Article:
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What does 2014 hold for Australia’s banks?

2013 will finish as one of the best years in recent memory for banks and bank shares (excluding the 2009 recovery following the GFC). The profits and dividends at Australia’s big four banks increased by 10% in 2013, propelling the companies to strong outperformance versus the S&P/ASX 200 (Index: ^AXJO) (ASX: XJO).

National Australia Bank (ASX: NAB) was the standout, with a return of 39%, compared with 29% for ANZ (ASX: ANZ), 24% for Commonwealth Bank (ASX: CBA) and 23% for Westpac (ASX: WBC). Amazingly, NAB was actually shown up by its smaller rival Bank of Queensland’s (ASX: BOQ) 65% gain for the year.

Overall, the finance sector was the second-best performing in 2013, beaten by only consumer discretionary stocks. But what will 2014 hold for the banks? Can they repeat their performance of 2013?

Low growth a concern

In 2013, dividend yield and dividend stability was considered before earnings per share growth (EPSG), as historically low interest rates forced retirees and risk-averse investors from term deposits into shares in search of income. The banks and Telstra (ASX: TLS) fulfilled this need and their share prices rose as a result. In 2014, analysts are expecting that the prospect of medium-term interest rate rises will result in investors shifting their focus to companies that exhibit strong earnings, margins or market share growth. While the banks are expected to deliver EPSG between 5 and 8% in 2014, this will be achieved through cost cutting and low bad debt expenses, as opposed to increased sales or demand-driven margin increases.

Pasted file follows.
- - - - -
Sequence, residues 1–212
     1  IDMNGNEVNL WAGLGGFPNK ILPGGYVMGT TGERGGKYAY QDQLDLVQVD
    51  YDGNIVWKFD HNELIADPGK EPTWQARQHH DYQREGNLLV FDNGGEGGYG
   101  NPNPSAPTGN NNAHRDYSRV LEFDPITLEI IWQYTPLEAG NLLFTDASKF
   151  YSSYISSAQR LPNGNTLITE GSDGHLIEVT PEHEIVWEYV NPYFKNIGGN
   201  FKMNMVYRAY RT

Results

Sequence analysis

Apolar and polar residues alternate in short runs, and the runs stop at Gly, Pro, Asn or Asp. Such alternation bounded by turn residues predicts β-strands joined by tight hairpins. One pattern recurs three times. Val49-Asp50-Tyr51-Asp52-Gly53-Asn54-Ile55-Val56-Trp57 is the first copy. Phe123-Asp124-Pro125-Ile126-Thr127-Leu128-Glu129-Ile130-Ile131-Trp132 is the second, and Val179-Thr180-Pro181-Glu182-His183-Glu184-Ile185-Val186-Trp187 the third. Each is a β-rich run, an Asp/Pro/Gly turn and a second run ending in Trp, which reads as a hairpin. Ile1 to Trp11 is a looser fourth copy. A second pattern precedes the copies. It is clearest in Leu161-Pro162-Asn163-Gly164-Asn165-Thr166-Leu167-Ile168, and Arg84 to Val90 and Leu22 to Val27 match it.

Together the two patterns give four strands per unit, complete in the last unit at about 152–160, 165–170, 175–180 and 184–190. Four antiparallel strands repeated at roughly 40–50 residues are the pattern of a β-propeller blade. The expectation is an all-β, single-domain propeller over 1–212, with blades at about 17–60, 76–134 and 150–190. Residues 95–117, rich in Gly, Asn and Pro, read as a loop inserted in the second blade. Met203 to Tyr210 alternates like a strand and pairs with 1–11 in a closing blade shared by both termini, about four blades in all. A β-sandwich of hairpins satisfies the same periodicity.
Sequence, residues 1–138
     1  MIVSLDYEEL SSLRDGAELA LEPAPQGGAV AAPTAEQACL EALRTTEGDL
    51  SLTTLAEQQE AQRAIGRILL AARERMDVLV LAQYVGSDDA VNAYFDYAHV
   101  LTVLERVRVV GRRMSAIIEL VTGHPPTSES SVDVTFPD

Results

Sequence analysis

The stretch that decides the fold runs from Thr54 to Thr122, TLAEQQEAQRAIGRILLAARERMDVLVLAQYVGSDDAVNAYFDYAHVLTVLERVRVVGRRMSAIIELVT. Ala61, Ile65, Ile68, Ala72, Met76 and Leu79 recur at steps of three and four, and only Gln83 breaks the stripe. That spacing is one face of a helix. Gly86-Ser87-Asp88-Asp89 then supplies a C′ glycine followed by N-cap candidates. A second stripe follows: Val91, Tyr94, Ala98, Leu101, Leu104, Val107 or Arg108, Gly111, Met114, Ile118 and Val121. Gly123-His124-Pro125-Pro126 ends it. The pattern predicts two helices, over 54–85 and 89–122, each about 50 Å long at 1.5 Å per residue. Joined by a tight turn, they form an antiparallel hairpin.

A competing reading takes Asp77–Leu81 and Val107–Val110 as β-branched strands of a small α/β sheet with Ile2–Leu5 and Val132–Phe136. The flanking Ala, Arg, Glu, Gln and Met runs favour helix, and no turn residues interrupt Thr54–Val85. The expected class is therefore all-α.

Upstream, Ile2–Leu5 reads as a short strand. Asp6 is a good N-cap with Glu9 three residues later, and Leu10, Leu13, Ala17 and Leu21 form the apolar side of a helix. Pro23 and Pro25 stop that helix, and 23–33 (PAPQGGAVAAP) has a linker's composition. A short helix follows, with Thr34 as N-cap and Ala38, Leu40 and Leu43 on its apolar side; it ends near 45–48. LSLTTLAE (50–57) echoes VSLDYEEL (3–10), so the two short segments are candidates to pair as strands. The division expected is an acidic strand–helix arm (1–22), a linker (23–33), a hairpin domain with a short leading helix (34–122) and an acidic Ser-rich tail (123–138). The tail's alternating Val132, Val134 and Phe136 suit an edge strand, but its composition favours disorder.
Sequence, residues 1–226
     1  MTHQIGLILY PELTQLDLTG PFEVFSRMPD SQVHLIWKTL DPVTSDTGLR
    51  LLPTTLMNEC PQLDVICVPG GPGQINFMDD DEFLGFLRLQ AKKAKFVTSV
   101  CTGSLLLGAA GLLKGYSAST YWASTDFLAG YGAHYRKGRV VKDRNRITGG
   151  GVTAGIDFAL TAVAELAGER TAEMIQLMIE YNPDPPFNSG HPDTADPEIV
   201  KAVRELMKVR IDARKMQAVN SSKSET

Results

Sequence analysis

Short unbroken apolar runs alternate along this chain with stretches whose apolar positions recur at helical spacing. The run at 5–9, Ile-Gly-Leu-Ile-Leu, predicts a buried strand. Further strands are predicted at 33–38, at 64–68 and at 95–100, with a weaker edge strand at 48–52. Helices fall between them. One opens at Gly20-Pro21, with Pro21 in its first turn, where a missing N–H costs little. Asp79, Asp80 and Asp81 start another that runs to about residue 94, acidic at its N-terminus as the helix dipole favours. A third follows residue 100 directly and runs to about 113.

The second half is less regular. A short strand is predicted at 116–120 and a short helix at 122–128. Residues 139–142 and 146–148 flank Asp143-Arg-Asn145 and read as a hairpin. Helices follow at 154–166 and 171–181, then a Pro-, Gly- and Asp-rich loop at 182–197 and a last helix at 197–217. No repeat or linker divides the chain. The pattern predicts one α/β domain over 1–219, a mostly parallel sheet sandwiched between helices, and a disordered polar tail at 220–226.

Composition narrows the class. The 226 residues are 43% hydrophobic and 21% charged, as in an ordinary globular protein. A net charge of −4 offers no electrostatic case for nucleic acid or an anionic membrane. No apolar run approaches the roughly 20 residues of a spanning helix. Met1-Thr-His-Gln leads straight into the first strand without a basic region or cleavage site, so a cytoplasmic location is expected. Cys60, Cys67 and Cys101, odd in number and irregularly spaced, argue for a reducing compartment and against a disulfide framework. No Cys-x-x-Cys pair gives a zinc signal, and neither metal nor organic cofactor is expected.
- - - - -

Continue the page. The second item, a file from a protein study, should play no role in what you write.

Rock solid businesses and dividends are still important

While impending interest rate rises may see some funds leave the banks, any outflows should be balanced by risk-averse investors left with few other options but to re-invest dividends and spare cash in the banks in 2014.

The banks offer a unique combination of a solid 5 to 6% fully franked dividend, a low risk of a major blow-up, and are currently in a cyclical low point of bad debt expense.

But risks remain

A blow-up of the housing market, a severe drop-off in mining capex resulting in an Australian recession, faster than expected tapering of economic stimulus in the US, and an earlier than expected rise in interest rates could all see the banks’ share price drop substantially. Indeed, between mid-November and mid-December the share price of the major banks dropped between 8 and 15% as tapering fears took hold.

Foolish takeaway

I think the big four banks are still the best bet for low-risk income stocks in 2014. While risks remain, support from investors seeking passive income should act to keep the share price from falling too far during any market corrections. NAB is touted as having the greatest upside, as the recovery in its UK operations gains momentum, while ANZ’s Asian strategy could come under some pressure from new rules relating to capital ratios.

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Motley Fool contributor Andrew Mudie does not own shares in any companies mentioned

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